TS: Overall, my favorite surfer, period, is Tommy Carroll. He was a long time ago, and I’ve just been stubborn and don’t want to give up on him as being my favorite surfer. Nowadays, I love shooting with Kelly. All the great surfers are great to shoot. I love shooting with Joel Parkinson. Kai Lenny is a new, young kid that’s like an all-around waterman. He surfs Jaws and he standup paddles. He’s a 5-time world champion standup paddler already. He’s 21 and he’s really good to shoot. I’m going on a trip with him [to Nicaragua] in a couple of days and I’m really excited about that.

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Tavarua Island, Fiji (Photo: Tom Servais)

Scut: What’s the best thing about the ocean?

TS: When it’s clean and beautiful. I’m not the kind of person that has to get in the water everyday. When the water’s cold, I don’t enjoy it as much as when it’s warm. If the waves are really good…if it’s cold, if your feet are getting numb after an hour, whatever temperature that is, I don’t like it that cold. If I’m warm in a 3/2 full suit, I don’t mind surfing in that kind of water. When it starts getting below 60 degrees, the surf has to be good.

But, I started shooting photos so that I could go fishing, surfing and windsurfing and all those kinds of things. So, I’ve done a lot of sports around my job. Since I wasn’t a professional athlete (I wasn’t talented enough to do that) I figured photography was the next best thing. I grew up around the ocean — so it was from fishing and being in the warm water in Florida and diving and snorkeling a little bit. Sometimes the ocean’s very inviting, and sometimes you don’t want to go near it.

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“Nightmare” — This wave was said to have dislodged boulders on the reef and sent them flying.

Scut: What’s the most horrific thing that’s happened to you in the water?

TS: Two-and-a-half years ago on Christmas day I was on the back of a jet ski and almost got cleaned up by a 40 foot wave in Oahu on the outer reef, so that was pretty exciting. My jet ski guy was really good — he’s a lifeguard at Waimea — he’s one of the water patrol guys at the Eddie contest, but he presses the envelop. I didn’t know why we were inside so far, messing around with these 12-foot waves that they were thinking they were gonna ride. We had two jet skis and then all of a sudden we turn around and there’s this wave we can’t get over and we had to outrun it. We were lucky to outrun it because it was so glassy. If it was bumpy, there’s no way we would have been able to outrun the thing. It would have just mowed us down. I’m not really comfortable — I’ve been out at small Waimea, but I’ve never really gotten a 20-foot wave on my head, so I don’t know if I could handle that or not yet. It could be drowning time.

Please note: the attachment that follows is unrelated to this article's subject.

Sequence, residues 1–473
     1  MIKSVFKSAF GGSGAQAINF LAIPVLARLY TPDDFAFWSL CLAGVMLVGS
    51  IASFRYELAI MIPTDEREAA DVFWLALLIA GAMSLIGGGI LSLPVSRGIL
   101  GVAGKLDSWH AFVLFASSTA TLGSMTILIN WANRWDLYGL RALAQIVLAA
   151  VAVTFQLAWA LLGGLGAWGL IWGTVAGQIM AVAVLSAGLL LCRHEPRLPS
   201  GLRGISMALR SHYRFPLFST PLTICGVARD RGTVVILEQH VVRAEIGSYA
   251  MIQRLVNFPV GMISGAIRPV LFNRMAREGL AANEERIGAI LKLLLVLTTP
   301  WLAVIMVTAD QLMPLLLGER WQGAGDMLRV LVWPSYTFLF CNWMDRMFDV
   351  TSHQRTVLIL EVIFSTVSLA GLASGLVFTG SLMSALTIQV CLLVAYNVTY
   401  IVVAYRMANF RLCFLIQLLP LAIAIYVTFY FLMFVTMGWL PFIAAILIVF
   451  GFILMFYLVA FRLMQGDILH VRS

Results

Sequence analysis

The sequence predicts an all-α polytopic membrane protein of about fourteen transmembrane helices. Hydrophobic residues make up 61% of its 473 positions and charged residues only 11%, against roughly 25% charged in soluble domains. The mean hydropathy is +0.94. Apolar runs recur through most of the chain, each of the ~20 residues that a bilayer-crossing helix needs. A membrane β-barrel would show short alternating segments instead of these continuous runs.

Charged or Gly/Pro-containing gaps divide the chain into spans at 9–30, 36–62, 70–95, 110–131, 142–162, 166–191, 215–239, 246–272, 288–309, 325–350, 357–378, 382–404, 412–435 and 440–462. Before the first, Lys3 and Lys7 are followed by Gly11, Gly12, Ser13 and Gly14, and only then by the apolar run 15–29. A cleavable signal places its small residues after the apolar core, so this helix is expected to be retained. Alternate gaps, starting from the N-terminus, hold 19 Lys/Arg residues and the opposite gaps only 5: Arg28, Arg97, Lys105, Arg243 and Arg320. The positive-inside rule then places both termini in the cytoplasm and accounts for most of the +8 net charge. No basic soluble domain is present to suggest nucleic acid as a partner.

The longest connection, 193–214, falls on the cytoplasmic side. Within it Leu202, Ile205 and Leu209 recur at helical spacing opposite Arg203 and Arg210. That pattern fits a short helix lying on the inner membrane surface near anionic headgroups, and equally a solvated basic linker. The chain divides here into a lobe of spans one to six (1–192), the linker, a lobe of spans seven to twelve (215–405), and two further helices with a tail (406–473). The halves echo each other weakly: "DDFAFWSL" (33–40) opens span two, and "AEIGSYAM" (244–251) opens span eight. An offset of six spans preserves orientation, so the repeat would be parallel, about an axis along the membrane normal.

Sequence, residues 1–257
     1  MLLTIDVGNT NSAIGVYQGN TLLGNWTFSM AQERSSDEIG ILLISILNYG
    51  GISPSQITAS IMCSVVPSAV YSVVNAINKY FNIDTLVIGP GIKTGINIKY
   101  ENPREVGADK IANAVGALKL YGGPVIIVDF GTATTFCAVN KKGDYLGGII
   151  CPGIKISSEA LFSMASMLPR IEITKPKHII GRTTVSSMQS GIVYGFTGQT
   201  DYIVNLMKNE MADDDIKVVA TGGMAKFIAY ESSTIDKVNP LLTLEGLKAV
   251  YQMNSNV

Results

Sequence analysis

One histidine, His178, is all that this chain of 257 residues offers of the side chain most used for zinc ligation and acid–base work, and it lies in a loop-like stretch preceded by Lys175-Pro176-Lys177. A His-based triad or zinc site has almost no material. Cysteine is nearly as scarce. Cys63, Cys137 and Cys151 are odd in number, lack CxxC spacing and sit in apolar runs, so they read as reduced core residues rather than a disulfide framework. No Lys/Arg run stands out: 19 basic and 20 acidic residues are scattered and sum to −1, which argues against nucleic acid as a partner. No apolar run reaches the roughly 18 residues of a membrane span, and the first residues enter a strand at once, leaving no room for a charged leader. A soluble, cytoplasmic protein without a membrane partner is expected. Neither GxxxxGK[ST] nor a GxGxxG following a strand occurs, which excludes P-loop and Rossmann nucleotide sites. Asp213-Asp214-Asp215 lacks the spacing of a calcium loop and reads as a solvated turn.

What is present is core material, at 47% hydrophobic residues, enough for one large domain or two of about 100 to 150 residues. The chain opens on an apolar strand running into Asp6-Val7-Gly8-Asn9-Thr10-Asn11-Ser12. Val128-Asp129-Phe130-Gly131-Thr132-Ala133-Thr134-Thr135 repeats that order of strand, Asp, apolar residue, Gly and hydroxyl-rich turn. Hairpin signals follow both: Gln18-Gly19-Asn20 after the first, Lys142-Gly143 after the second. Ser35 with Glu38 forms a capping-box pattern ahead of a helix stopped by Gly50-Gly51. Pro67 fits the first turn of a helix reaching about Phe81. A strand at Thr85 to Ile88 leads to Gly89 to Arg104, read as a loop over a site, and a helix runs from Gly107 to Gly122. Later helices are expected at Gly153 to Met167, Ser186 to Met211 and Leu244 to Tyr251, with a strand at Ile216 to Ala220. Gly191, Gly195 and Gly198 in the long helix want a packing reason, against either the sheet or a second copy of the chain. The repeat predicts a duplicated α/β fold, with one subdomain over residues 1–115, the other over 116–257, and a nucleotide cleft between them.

Scut: How have things changed since you started out?

TS: It’s gotten so different from when I shot film and I’d go on trips and you’d just put the film in the bag and you’d go have fun when you weren’t shooting photos. Now digital is so much more work and everybody wants everything right away. There are smaller magazines, less print magazines, and more web stuff that doesn’t pay as much.

It just seems like it’s a lot more work than it used to be. I’m spoiled, I don’t mean to sound like I’m complaining, but it’s just a lot more work and you make a lot less money. So, there are some guys that are still doing good from surf photography, but I think there’s less money being spread around to the photographers and there are a lot more photographers out there trying to do it…you’re still competing against an army of people out there now, because everyone’s sending their stuff everywhere and a lot of people are happy just to see their photo on a website, like Surfline or something.

Everybody wants to be a photographer, so I guess I picked the right job.

Scut: And got in there at the right time.

TS: I was super lucky. Me and my friends that are the same age as me that have been photographers in the surf industry were just super lucky to work at a time when we were getting a lot of cover shots and photos were run in magazines that were big and fat. There wasn’t the internet, so when your photo was in a magazine, people would look at it for a whole month. Now they look at a photo for like 30 seconds and then they never look at it again, you know?

Scut: Do you have a piece of gear you’d like to recommend?

TS: Well, if you’re shooting out of boats, waterproof Pelican cases are pretty valuable in boats whether you’re fishing or surfing or whatever.

Scut: What’s your favorite knife?

TS: Benchmade knives, they’re pretty good. Two things are really important on a boat: a headlamp — a Petzl headlamp, and a knife. There’s a knife called the ESEE. My buddy’s got a couple of these and he wraps the handle with some sort of crocheted nylon rope around it.

Scut: What’s on the horizon for you?

TS: Really, hopefully winning the lottery one of these days so I can be a rich surf photographer that doesn’t have to worry about making money.

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(Photo: Kalani Robb)

Tom Servais calls California home base, but he spends just as much of his time in Fiji, Hawaii, and in Tahiti, where he keeps his inflatable zodiac raft for chasing tuna schools. 

If you’d like to see more of Tom Servais’ photography, have a look at Masters of Surf Photography: Tom Servais, and his website.